Mrs. Wheeler and Mahailey always lost weight in thrashing time, just as the horses did; this year Nat Wheeler had six hundred acres of winter wheat that would run close upon thirty bushels to the acre. Such a harvest was as hard on the women as it was on the men. Leonard Dawson's wife, Susie, came over to help Mrs. Wheeler, but she was expecting a baby in the fall, and the heat proved too much for her. Then one of the Yoeder daughters came; but the methodical German girl was so distracted by Mahailey's queer ways that Mrs. Wheeler said it was easier to do the work herself than to keep explaining Mahailey's psychology. Day after day ten ravenous men sat down at the long dinner table in the kitchen. Mrs. Wheeler baked pies and cakes and bread loaves as fast as the oven would hold them, and from morning till night the range was stoked like the fire-box of a locomotive. Mahailey wrung the necks of chickens until her wrist swelled up, as she said, "like a puff-adder."
By the end of July the excitement quieted down. The extra leaves were taken out of the dining table, the Wheeler horses had their barn to themselves again, and the reign of terror in the henhouse was over.
One evening Mr. Wheeler came down to supper with a bundle of newspapers under his arm. "Claude, I see this war scare in Europe has hit the market. Wheat's taken a jump. They're paying eighty-eight cents in Chicago. We might as well get rid of a few hundred bushel before it drops again. We'd better begin hauling tomorrow. You and I can make two trips a day over to Vicount, by changing teams,--there's no grade to speak of."
Mrs. Wheeler, arrested in the act of pouring coffee, sat holding the coffee-pot in the air, forgetting she had it. "If this is only a newspaper scare, as we think, I don't see why it should affect the market," she murmured mildly. "Surely those big bankers in New York and Boston have some way of knowing rumour from fact."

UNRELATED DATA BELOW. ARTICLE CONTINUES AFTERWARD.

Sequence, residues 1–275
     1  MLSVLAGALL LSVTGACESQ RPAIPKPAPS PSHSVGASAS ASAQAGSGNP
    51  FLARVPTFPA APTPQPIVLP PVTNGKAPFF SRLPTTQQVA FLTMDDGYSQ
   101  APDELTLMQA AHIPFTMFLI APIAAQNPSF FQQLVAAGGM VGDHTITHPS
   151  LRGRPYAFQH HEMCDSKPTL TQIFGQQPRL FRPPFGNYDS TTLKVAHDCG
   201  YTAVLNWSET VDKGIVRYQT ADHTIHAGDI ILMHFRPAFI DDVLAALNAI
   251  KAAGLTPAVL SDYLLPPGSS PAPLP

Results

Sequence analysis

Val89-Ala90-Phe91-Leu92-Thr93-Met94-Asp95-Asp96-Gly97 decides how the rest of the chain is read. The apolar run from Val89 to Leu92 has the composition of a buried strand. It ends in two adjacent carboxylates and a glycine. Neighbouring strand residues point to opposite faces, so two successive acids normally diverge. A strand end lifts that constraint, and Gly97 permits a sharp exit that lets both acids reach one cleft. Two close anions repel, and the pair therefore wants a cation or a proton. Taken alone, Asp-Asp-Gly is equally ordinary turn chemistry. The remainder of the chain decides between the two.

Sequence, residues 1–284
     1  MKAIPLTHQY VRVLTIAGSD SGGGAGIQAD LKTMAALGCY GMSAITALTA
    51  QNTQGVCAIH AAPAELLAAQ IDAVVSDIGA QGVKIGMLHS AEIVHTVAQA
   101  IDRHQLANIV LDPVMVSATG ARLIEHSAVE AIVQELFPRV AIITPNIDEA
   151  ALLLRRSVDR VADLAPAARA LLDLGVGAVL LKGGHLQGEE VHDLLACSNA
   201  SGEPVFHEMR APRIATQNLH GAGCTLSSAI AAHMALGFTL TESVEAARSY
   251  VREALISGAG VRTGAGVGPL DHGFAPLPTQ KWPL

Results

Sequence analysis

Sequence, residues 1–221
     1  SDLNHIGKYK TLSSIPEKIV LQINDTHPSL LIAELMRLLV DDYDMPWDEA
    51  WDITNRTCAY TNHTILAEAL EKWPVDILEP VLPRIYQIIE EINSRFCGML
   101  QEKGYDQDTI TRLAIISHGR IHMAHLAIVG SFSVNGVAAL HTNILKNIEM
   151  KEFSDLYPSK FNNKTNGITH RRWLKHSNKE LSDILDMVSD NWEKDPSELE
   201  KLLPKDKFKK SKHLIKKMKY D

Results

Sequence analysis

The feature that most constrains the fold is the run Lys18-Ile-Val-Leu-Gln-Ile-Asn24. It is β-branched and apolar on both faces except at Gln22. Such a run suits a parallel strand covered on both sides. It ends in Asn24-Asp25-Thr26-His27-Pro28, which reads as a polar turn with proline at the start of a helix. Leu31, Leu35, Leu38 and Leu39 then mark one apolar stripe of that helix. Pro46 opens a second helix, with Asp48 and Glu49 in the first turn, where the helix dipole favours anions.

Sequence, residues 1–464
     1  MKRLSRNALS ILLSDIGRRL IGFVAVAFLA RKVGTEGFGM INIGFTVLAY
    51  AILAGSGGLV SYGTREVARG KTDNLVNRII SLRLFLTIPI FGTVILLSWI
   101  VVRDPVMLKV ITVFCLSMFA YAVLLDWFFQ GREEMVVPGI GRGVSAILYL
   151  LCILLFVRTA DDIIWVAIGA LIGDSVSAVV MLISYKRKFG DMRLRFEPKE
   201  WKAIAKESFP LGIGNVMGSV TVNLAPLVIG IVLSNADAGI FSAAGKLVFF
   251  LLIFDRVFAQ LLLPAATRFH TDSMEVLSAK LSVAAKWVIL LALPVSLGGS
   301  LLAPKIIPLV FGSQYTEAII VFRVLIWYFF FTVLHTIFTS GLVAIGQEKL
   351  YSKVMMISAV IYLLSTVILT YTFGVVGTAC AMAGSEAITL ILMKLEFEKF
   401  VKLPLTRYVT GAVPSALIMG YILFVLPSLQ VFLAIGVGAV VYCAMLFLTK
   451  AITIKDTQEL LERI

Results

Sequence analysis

"Give me some coffee, please," said her husband testily. "I don't have to explain the market, I've only got to take advantage of it."
"But unless there's some reason, why are we dragging our wheat over to Vicount? Do you suppose it's some scheme the grain men are hiding under a war rumour? Have the financiers and the press ever deceived the public like this before?"
"I don't know a thing in the world about it, Evangeline, and I don't suppose. I telephoned the elevator at Vicount an hour ago, and they said they'd pay me seventy cents, subject to change in the morning quotations. Claude," with a twinkle in his eye, "you'd better not go to mill tonight. Turn in early. If we are on the road by six tomorrow, we'll be in town before the heat of the day."
"All right, sir. I want to look at the papers after supper. I haven't read anything but the headlines since before thrashing. Ernest was stirred up about the murder of that Grand Duke and said the Austrians would make trouble. But I never thought there was anything in it."